Navigation Links
Involving other providers in palliative care may help meet growing demand
Date:3/6/2013

As baby-boomers age and the number of people with serious chronic illnesses continues to rise, the demand for experts in palliative medicine is sure to outstrip the supply, according Timothy E. Quill, M.D., professor of Medicine, Psychiatry and Medical Humanities in the Center for Ethics, Humanities and Palliative Care at the University of Rochester Medical Center.

In a perspective published in today's New England Journal of Medicine, Quill, who serves as president of the American Academy of Hospice and Palliative Medicine (AAHPM), suggests that arming generalists and other specialists with primary palliative care skills is a practical, cost-effective and sustainable way to expand the delivery of palliative care.

Born out of a hospice tradition, palliative care offers relief of pain and symptoms and assistance with medical decision-making to anyone with a serious illness, regardless of prognosis. The goal is to alleviate patient suffering through high-quality pain and symptom management and to provide added support for patients and their families all while patients are receiving effective medical treatment of their underlying disease.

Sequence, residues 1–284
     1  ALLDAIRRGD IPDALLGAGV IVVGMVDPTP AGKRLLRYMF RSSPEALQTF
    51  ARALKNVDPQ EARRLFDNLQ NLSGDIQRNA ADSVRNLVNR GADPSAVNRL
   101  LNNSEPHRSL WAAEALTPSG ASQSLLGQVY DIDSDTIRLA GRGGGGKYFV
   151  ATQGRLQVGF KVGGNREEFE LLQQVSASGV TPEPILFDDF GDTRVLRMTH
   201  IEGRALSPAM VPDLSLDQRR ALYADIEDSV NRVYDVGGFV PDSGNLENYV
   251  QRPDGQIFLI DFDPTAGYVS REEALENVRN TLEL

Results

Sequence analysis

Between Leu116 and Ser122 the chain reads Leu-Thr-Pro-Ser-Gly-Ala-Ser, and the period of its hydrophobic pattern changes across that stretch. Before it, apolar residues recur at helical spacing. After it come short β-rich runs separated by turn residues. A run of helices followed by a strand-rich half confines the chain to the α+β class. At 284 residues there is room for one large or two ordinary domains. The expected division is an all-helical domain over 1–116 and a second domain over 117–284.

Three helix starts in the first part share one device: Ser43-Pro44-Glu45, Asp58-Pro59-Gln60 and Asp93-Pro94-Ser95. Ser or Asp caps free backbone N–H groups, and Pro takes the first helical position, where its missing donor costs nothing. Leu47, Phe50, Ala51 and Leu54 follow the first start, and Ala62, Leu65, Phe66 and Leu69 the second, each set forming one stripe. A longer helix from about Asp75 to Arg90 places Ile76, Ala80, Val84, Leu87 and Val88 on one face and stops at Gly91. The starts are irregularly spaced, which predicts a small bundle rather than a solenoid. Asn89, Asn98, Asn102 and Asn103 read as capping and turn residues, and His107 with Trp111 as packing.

Quill says that with appropriate education and training, many fundamental aspects of palliative care can be provided by those already caring for a patient. This could avoid adding another team of caregivers to a patient's care or setting the expectation that certain palliative care tasks such as basic symptom management and psychosocial support are only the role of a palliative care provider.

"In a coordinated palliative care model, the primary care physician or treating specialist could manage many palliative care problems, initiating a palliative care consultation for more complex situations," Quill said. "When this occurs, the patient may eventually return to the referring specialist or the primary care physician for ongoing palliative care management when that is deemed desirable by everyone involved. This model allows increased access to specialty palliative care consultation and reinforces delivery of primary palliative care by everyone caring for seriously ill patients."

"There has been increasing emphasis on including palliative care as a fundamental part of the care of people with serious illness because it leads to better quality of life, less depression, less health care waste, and maybe even longer survival," said Amy P. Abernethy, M.D., of Duke University School of Medicine, who co-authored the perspective. "Better symptom control, defining and aligning goals of care, and attention to the needs of the family are just some of the fundamental principles of palliative care to be included in the generalist and specialist palliative care toolbox."


'/>"/>

Contact: Lori Barrette
lori_barrette@urmc.rochester.edu
585-275-1310
University of Rochester Medical Center
Source:Eurekalert

Related medicine news :